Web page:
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Showing posts from July 17, 2018

Ralph Waldo Emerson and Hinduism

Ralph Waldo Emerson (1803 – 1882), transcendentalist, essayist, poet, preacher, philosopher and seer, was influenced by Hinduism. Emerson was among the earliest Americans to use Hindu ideas, symbols, epigrams, metaphors and fables in his writings. His knowledge of Hindu religion was obtained primarily from the translated works or commentaries on the Hindu scriptures by English and French writers of the 18 th century. Emerson was particularly fascinated by the Bhagavad Gita, Rig Veda Samhita, Upanishads, Vishnu Purana, Hitopadesha and laws of Manu. Books of these authors gave Ralph Waldo Emerson a peep into the Hindu world. Sir William Jones (1746 – 1794) H. H. Wilson (1786 – 1860) H. T. Colebrooke (1765 – 1834) Victor Cousin (1792 – 1833) How Hinduism Influenced Ralph Waldo Emerson? His religious views bear a clear imprint of the Hindu concepts of God, man, nature, soul, maya (illusion), karma, evil and transmigration. Emerson believed not in religious

Jejuri Khandoba Temple History – Architecture – Jejuri Mandir Jatras and Festivals

Jejuri Khandoba Temple is very important for the architectural evolution as a hill temple complex in Maharashtra. The temple is around 48 km south-east of Pune, towards the town Phaltan. Number of Steps in Jejuri Khandoba 200 stone steps lead a devotee to Khandoba Mandir located atop a hillock. Jejuri is the abode of the God of the oldest tribes in Maharashtra, the Dhangars. A community of shepherds, they are deeply devoted to Khandoba (Lord Shiva) as he had married Ganai, the daughter of a shepherd. Couples visit the shrine after marriage and a couple has to make the offering to the deity together, standing next to each other. Lord Shiva appeared as Khandoba to slay demons Mani and Malla. Divti is the martial symbol of Khandoba. It has the shape of a dagger, but doubles up as a lamp. When lit up the dagger is a symbol of light that slays darkness. Jejuri Khandoba Temple History and Architecture The temple was initially constructed in 1608 AD. The Sabhamandapa an

Aadi Pandigai in Aadi Masam – Festivals in Aadi Month in Tamil Nadu

There are numerous festivals (Pandigai) that are observed in Aadi Masam. Aadi month is dedicated to the worship of Mother Goddess – Amman . Aadi marks the beginning of the festival season in Tamil Nadu. The first day of Aadi is referred as Aadi Pirappu or Aadi Pandigai. The day begins with the making of huge kolams (Rangoli designs) in front of the home. The kolam is drawn on all days of the month. The kolams are bordered with red color – Kaavi. Doorways are decorated with mango leaves. The day begins with pujas and visit to temple. There will be a feast on the day with special delicacies include payasam, vadai, boli etc. On the first day of Aadi, married women change the yellow thread in their Mangalsutra or thali..  Dakshinayanam, Sun’s transits from the northern hemisphere to the Southern hemisphere, happens in Aadi month. The important festivals include Aadi Perukku, also known as Padinettam Perukku, is observed on 18 th day of the month. It is a water ritual obser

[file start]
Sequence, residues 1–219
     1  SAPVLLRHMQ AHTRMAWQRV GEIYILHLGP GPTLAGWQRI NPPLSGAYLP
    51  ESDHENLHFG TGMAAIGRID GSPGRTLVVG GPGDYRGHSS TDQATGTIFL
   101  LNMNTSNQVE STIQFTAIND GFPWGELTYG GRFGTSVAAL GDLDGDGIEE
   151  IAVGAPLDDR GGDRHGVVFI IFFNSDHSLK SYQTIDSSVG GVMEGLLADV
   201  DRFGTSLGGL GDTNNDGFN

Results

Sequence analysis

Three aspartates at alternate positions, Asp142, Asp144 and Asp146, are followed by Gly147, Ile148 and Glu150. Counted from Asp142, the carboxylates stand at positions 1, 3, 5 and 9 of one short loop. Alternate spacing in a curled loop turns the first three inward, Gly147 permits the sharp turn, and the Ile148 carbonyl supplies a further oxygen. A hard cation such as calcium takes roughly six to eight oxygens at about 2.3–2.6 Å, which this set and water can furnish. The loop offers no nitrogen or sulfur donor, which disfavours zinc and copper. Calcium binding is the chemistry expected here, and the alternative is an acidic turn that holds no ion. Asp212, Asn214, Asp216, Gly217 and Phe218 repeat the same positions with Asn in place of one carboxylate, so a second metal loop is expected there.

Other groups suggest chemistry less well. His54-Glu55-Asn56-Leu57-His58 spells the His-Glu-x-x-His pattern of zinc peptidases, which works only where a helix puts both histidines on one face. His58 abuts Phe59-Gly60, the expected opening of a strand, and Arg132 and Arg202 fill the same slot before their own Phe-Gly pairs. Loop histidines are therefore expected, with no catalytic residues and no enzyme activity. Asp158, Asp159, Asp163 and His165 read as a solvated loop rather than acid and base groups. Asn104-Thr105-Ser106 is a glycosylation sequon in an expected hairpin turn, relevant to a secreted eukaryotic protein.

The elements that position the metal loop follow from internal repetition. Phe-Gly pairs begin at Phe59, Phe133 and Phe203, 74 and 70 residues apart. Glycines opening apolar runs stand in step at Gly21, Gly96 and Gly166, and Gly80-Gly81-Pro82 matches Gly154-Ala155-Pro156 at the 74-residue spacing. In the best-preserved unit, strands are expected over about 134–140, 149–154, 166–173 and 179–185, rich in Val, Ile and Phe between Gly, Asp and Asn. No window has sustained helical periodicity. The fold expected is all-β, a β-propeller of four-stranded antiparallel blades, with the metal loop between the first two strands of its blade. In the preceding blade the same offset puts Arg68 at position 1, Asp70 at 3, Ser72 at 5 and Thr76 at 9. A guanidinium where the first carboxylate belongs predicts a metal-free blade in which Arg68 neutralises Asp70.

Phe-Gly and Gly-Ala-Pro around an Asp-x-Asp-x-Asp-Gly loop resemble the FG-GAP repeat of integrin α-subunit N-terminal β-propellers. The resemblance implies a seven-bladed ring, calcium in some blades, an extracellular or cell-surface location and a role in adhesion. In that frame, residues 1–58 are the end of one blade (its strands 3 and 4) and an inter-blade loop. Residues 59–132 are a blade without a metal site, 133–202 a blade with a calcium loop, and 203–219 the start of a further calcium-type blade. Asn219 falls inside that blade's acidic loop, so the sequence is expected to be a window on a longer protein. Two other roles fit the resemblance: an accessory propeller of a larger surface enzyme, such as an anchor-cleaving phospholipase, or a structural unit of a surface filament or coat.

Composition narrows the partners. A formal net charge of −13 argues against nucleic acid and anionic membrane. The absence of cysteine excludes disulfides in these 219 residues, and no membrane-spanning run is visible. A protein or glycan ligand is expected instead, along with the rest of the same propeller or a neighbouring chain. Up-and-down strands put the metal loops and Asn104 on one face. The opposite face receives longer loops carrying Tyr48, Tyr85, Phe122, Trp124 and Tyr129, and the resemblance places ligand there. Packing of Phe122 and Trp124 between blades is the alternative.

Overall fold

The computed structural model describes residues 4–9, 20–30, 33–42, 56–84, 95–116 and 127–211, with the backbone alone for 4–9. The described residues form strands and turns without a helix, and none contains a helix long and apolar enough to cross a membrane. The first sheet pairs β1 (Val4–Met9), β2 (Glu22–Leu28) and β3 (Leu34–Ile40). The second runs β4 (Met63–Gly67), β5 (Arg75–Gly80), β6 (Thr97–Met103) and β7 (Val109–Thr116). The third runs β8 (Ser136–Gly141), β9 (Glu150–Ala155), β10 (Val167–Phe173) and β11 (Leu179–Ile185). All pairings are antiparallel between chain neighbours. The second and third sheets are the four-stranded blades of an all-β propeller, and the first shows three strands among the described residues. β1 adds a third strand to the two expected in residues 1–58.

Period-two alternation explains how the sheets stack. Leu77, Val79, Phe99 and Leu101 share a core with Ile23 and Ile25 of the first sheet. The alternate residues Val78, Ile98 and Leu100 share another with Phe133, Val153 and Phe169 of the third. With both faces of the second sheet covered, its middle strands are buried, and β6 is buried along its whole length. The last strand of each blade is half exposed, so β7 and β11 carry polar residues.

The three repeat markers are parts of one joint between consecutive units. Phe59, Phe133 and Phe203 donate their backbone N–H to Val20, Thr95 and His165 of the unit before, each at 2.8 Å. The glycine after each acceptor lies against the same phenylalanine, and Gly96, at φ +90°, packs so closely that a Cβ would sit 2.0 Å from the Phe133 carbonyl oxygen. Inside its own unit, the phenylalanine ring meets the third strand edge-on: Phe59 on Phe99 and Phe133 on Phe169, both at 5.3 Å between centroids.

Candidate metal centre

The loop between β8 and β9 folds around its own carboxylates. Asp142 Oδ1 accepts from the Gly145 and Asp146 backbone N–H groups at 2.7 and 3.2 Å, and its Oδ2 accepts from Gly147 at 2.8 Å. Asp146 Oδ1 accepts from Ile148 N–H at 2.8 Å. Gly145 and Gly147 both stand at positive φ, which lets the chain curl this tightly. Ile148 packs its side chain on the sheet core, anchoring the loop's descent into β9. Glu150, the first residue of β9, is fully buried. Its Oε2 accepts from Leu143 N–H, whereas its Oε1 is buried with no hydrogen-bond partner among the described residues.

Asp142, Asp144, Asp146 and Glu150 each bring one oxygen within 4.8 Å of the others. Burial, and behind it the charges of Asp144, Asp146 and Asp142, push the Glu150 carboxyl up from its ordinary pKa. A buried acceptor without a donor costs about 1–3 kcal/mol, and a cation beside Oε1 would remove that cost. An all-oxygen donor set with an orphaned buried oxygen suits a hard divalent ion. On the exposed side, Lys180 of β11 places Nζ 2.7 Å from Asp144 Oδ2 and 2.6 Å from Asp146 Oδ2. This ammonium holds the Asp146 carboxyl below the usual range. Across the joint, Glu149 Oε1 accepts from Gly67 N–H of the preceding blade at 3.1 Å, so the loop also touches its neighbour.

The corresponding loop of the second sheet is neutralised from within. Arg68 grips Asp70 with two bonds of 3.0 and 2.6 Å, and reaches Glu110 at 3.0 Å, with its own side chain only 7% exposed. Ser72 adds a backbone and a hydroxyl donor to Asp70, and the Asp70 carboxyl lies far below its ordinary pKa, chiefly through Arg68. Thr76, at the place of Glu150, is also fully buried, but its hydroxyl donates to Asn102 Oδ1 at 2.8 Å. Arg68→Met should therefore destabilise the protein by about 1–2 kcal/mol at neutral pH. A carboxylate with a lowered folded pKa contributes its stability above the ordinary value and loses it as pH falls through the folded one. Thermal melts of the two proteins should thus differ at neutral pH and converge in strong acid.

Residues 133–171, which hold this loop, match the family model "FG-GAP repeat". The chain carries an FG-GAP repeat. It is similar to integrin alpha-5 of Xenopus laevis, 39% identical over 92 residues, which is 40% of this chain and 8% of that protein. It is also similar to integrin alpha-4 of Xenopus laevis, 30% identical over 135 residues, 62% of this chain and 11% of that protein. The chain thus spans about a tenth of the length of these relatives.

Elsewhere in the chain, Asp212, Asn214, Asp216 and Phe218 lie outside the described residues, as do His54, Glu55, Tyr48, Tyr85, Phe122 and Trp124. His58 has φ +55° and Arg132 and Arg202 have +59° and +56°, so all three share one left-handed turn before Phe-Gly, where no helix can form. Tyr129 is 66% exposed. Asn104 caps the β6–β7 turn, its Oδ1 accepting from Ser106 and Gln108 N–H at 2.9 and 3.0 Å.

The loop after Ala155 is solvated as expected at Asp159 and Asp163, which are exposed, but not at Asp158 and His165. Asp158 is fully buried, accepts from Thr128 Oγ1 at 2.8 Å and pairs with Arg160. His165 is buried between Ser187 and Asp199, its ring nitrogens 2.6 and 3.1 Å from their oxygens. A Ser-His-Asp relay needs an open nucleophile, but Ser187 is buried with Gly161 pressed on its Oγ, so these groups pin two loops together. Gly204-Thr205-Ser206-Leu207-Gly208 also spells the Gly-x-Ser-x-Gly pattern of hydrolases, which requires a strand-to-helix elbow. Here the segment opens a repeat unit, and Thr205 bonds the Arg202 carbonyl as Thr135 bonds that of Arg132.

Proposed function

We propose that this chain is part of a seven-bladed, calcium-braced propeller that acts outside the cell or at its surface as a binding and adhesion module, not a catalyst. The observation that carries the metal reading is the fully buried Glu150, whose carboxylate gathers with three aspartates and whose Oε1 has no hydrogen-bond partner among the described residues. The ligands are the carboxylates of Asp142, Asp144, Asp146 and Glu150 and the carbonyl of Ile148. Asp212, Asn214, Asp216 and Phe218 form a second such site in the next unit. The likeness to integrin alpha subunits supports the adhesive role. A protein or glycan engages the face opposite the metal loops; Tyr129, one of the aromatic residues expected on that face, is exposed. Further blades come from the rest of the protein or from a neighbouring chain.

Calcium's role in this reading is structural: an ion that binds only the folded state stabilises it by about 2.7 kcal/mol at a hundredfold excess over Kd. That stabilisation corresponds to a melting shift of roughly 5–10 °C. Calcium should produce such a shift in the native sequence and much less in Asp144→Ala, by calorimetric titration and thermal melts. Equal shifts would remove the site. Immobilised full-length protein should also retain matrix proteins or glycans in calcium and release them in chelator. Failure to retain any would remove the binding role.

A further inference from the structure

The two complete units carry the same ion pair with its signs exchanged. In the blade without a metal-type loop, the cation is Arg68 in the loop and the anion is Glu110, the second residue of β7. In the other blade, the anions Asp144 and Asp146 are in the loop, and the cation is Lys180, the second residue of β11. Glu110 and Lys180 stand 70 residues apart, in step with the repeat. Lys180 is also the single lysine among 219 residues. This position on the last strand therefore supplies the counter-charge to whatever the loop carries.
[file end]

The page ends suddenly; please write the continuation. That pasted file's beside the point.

Sri Chinmoy Quotes - A Collection of Thoughts and Teachings of Chinmoy

Chinmoy Kumar Ghose, better known as Sri Chinmoy (27 August 1931 – 11 October 2007), was an Indian spiritual leader who taught meditation. This is a collection of Sri Chinmoy Quotes on various topics including love, desire, gratitude… To reach your goal the fastest, every day make a new attempt; every day feel that you are a fresh flower. For a genuine seeker, the inner world is infinitely more real than the outer world. When we have a childlike state of mind, it becomes extremely easy to find God. Here, there and everywhere. The most beautiful thing on earth is our gratitude to divinity. Children always see more beauty than grown-ups do; because of their tremendous inner purity they see beauty in everything. Therefore we have to appreciate and admire them because they are still in the world of the soul. When the mind is "developed", it also goes through conditioning and so begins to find fault. We love to see ugliness and impurity even in things that